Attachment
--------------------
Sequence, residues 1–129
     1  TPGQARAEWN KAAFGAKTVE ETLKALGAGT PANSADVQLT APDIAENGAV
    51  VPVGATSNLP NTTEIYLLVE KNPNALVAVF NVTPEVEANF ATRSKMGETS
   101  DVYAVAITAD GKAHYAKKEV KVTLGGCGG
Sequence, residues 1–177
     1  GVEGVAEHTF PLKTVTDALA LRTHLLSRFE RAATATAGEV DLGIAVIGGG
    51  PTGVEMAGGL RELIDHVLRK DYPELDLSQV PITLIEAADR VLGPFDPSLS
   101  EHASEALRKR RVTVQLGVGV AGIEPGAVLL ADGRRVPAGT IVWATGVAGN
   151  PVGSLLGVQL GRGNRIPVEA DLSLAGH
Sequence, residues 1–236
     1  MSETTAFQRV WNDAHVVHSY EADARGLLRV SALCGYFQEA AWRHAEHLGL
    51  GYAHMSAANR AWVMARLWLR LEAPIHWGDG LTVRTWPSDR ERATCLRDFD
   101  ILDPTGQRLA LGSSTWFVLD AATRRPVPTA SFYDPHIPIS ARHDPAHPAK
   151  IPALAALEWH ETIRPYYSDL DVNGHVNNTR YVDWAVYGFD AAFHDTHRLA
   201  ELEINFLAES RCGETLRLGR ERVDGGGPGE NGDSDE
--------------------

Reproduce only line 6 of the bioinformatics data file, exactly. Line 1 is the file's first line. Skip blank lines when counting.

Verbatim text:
     1  GVEGVAEHTF PLKTVTDALA LRTHLLSRFE RAATATAGEV DLGIAVIGGG